Twas a couple months ago that Interpol and Calla came through a nearby town on tour, and due to some nasty weather, I packed it in and decided not to make the drive. Stumbling across this release by Calla only a week or so later, I decided that maybe I should have hopped in the car anyway. This threesome out of Texas is creating some damn fine music, and interestingly enough, their biggest weapon isn't dramatic dynamic shifts like Lone-Star State brethren Explosions In The Sky or Lift To Experience. Instead, Calla tug you in with a very subtle edge, and it's with a remarkable amount of restraint that they keep you teetering on an edge for almost the entire album, with just enough release so that you don't freak out, but never so much that you want to flash the rock fingers.
In 10 songs and just over 45 minutes, the group has seemingly come into their sound with this sophomore release. Efficiency is part of the equation, and their songs are workmanlike without boring at all. The album opens with "Strangler," and the warm croon of Aurelio Valle pulls you in while dueling guitar melodies coil over one another before lush choruses. "Monument" follows up with the pitter-patter of programmed drums and reverbed guitars that ring out like they're playing in the middle of a salt bed. Sonically, the track feels like something not too far removed from what Calexico might do, except it has that moody edge that keeps the listener pegged without plunging the track into anything full-on.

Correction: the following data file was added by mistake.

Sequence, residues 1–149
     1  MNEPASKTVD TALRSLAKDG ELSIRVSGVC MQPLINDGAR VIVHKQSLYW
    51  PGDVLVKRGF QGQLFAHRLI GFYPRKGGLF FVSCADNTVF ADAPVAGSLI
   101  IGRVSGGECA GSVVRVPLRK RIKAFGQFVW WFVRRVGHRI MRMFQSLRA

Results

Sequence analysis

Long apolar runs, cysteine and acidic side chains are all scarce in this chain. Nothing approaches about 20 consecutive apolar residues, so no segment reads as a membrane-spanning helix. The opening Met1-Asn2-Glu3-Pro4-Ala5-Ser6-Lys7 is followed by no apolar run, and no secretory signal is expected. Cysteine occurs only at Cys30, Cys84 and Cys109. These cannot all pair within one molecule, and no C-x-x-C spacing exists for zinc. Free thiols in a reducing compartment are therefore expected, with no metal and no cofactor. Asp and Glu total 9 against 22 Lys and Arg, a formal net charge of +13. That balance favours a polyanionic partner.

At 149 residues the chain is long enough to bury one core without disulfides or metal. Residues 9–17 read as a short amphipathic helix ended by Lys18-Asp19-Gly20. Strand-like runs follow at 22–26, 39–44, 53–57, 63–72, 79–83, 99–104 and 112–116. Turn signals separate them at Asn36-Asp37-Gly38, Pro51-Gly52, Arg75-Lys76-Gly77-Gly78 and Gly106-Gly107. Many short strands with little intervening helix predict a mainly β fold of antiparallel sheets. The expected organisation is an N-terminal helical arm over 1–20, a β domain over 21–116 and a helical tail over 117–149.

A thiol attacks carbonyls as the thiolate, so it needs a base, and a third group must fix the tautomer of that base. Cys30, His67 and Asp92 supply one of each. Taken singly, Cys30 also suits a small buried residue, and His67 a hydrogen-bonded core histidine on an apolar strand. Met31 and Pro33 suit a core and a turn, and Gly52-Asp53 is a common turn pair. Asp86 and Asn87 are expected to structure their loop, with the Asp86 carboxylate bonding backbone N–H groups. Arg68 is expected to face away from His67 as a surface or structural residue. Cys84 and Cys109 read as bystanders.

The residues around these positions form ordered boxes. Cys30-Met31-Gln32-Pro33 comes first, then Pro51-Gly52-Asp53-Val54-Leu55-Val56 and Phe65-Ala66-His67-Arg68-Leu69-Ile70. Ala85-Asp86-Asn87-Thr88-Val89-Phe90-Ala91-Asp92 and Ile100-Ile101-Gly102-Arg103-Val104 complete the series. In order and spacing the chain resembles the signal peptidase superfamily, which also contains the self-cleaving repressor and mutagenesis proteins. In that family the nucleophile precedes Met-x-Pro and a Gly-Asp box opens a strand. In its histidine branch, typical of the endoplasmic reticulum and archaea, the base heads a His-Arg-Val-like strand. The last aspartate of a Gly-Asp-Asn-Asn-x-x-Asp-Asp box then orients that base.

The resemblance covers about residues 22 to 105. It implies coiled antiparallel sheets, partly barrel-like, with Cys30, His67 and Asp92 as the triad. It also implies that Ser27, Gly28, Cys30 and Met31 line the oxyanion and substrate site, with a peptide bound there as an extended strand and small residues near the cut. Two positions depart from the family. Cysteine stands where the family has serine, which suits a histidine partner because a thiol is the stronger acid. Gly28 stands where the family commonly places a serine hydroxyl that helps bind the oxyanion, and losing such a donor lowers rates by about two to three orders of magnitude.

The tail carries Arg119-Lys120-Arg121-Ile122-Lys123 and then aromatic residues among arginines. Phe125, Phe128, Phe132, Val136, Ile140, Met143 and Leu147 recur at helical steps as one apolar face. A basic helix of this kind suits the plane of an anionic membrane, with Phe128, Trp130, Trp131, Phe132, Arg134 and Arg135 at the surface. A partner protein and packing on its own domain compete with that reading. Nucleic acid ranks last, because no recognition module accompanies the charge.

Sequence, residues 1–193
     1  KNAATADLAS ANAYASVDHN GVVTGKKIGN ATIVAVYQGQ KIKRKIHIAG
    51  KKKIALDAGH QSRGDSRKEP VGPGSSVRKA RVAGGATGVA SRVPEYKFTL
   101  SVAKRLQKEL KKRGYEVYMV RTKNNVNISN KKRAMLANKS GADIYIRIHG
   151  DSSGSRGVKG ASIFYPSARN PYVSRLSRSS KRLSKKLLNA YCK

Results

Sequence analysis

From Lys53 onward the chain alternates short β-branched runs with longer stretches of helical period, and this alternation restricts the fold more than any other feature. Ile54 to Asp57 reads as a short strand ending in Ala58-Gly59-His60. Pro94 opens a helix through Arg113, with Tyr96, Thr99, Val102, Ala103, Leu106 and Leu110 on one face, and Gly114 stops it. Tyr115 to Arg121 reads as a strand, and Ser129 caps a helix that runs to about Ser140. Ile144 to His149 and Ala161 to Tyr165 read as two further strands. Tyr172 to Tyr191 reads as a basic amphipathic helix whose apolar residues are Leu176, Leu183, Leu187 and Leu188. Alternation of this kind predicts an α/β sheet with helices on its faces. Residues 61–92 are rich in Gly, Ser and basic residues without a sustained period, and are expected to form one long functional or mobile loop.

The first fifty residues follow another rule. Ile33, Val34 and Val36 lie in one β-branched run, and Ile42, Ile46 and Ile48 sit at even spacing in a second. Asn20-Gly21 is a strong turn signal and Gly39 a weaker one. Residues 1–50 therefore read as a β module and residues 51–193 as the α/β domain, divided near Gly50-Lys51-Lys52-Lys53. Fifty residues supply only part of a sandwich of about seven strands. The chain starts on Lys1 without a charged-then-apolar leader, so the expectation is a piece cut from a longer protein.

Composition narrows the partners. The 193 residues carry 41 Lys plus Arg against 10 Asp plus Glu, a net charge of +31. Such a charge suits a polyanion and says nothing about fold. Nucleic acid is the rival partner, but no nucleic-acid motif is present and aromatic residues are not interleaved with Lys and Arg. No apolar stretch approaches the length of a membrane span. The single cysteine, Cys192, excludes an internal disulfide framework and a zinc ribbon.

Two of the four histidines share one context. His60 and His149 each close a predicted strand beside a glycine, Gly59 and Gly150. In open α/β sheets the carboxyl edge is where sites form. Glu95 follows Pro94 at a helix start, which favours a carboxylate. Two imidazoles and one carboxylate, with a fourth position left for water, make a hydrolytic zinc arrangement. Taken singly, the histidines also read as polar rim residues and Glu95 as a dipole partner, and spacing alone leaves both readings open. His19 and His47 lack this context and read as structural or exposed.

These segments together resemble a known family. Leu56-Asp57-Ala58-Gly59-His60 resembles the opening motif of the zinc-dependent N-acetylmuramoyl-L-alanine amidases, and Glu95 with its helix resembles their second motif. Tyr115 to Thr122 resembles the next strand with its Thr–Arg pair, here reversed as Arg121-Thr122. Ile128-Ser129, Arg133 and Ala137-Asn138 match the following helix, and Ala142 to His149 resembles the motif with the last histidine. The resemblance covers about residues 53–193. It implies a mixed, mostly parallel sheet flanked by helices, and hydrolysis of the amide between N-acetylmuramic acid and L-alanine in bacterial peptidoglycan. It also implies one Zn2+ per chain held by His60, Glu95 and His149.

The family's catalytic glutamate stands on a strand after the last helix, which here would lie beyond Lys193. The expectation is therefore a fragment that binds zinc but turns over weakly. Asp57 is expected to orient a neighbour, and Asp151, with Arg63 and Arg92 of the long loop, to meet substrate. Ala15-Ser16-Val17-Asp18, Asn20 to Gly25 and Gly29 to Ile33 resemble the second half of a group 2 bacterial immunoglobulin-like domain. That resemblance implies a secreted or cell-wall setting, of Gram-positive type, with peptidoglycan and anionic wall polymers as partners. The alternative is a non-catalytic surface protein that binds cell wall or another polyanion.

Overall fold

The dark swagger continues on tracks like "Astral" and "Don't Hold Your Breath," as quiet washes of guitars drift out over a jumpy bassline and minimal percussion. The vocals of Valle are a large part of why the album works as well. Without sounding overdramatic, his rich baritone moves with a sort of mystery, as if he's maybe hiding a little something back most of the time. All of the above is not to say that the group doesn't rock out at all, as the (nearly) album-titled "Televised" works an almost funky groove (the most straightforward of any track on the release) and the absolutely amazing "As Quick As It Comes/Carrera" builds from quiet guitar interplay and subtle keyboards to a pummelling finish.
For the most part, though, the group is content with a slightly more restrained sound. "Surface Scratch" mixes quiet wails of guitar feedback with a touch of piano and brushed drums and "Pete The Killer" burns a slow fuse of guitar feedback before a quiet ending. Overall, it's an excellent atmospheric rock album, with a slightly desert feel (perhaps an influence of the vast expanses of Texas). Nothing flashy, but downright solid nonetheless.